We often quip that being a Palestinian is a crime. Judging by the hundreds of Palestinians who are in administrative detention — detained without charge or trial — that statement is not too far off.
By Talal Jabari
More dead children. A Palestinian and an Israeli. More grieving families. And I can’t help but feel that the Israeli justice system is responsible for both deaths. This justice system has an affliction that in any other democratic country would paralyze the entire judicial system: rather than being blind to ethnicity, the Israeli justice system has perfect vision, especially when it comes to crimes of a political nature.
Take two recent incidents as prime examples: a Palestinian driver collides with a crowd of people getting off a train, killing a child. He is killed on the spot and the authorities immediately announced that he has a record of “security related offenses.” I don’t know if he did it on purpose or not, but after the collision, his exited his vehicle and ran. Why wasn’t he arrested? Why was he not given the chance to defend himself? Could he not just have been driving recklessly? Instead, he was shot and killed.
The other incident occurred in the Palestinian village of Sinjil, where an Israeli settler ran over two girls walking along the side of the road, killing a five-year-old girl. Was this an accident? Possibly. Will there be an open investigation? Very unlikely. And most importantly, the driver wasn’t gunned down as a terrorist moments after the incident.
And this isn’t a one-off. Whenever a Palestinian is suspected of killing an Israeli, he is convicted, jailed or killed without what would be called “concrete evidence”in a democratic nation, or even a semblance of a real, fair or open trial.
And it doesn’t usually just end there. Now the family that has lost a husband and a father, for an event for which he may or may not be responsible, but in which the family played no part, has their home destroyed. Then the man’s close relatives who obviously played no part in the event — otherwise they they would have met with his same fate — get nasty little marks put onto their secret police files, making it very difficult for them to get permits to enter Israel or even travel abroad. (Generally speaking, when a Palestinian is killed by Israeli forces, their close relatives’ entry permits are revoked out of fear that they will seek revenge.)
So one Palestinian allegedly (judging by the way Israeli news articles are written, “allegedly” is a word that doesn’t exist in the Hebrew language) commits a crime, and several dozen people pay the consequences potentially for years to come.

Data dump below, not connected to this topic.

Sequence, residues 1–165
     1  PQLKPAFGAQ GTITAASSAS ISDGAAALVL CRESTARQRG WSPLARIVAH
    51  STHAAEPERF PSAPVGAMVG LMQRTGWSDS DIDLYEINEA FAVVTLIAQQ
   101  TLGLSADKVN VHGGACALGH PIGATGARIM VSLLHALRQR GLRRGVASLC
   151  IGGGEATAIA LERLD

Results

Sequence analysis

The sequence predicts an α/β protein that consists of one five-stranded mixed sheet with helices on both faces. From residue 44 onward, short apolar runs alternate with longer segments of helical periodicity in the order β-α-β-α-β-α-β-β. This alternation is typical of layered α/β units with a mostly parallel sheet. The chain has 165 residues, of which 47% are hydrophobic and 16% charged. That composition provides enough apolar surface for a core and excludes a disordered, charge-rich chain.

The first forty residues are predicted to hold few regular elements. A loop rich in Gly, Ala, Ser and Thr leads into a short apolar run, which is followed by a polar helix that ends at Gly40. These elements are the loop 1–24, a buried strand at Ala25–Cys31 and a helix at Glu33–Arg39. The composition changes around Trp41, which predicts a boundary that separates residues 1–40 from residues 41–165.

This is the same justice system that allows for the detention of hundreds of Palestinian children every year. And while my hypothetical example was of the act of killing, you don’t really have to have committed any crime to end up on the wrong side of an Israeli detention facility. Any public political expression by a Palestinian, for example, is a crime. A Palestinian taking his sheep to pasture too close to a settlement is a crime. A Palestinian defending himself from a settler attack is committing a crime. In the Jordan Valley, where water is scarce, collecting water from an overflowing pump, is a crime.
Hundreds of meters away, behind their fences, live the settlers.
Case in point, the self-confessed killers of Mohammed Abu Khdeir, the Palestinian boy they doused in gasoline before burning alive. The team of killers includes one adult and two minors. And whereas Palestinian minors are detained with adults for merely throwing stones, these murderers continue to be treated as minors.
There are Israeli settlers who routinely attack Palestinians as the latter pick their olives. There are settlers in Hebron’s Tel Rumeida neighborhood who are constantly harassing their Palestinian neighbors. Israeli human rights organizations supply Palestinians with video cameras, so there is actual footage of these attacks, but that has lead to almost no convictions. Thomas Hobbes wrote in 1651 that in the absence of law, the resulting human nature is terrifyingly chaotic, and nowhere is that clearer than among the settlers of the West Bank, who act without fear of ramifications.
What I am trying to say here is that the double standards are frustrating. Yes, I realize that we live under occupation, and under occupation you can’t really ask for justice. But the result is a frustrated populace that due to ongoing restrictions feels increasingly that they have nothing to lose. I’m not saying that when a Palestinian kills an Israeli that they should be let off the hook. What I am saying is treat them the same way you would treat an Israeli who kills a Palestinian.
President Reuven Rivlin says it’s time to admit Israel is a sick society in need of treatment. But that’s not going to happen in the absence of rule of law, and more importantly, justice. As long as a double standard exists whereby rabbis like Dov Lior can spew hate speech with no recourse. As long as the Israeli army comes to the aid of or turns a blind eye to settlers attacking Palestinian’s, as long as Palestinians are killed rather than arrested, the “treatment” President Rivlin seeks isn’t going to come.
Talal Jabari is a Palestinian award-winning documentary filmmaker and journalist from East Jerusalem. He tweets from @TalalJabari.
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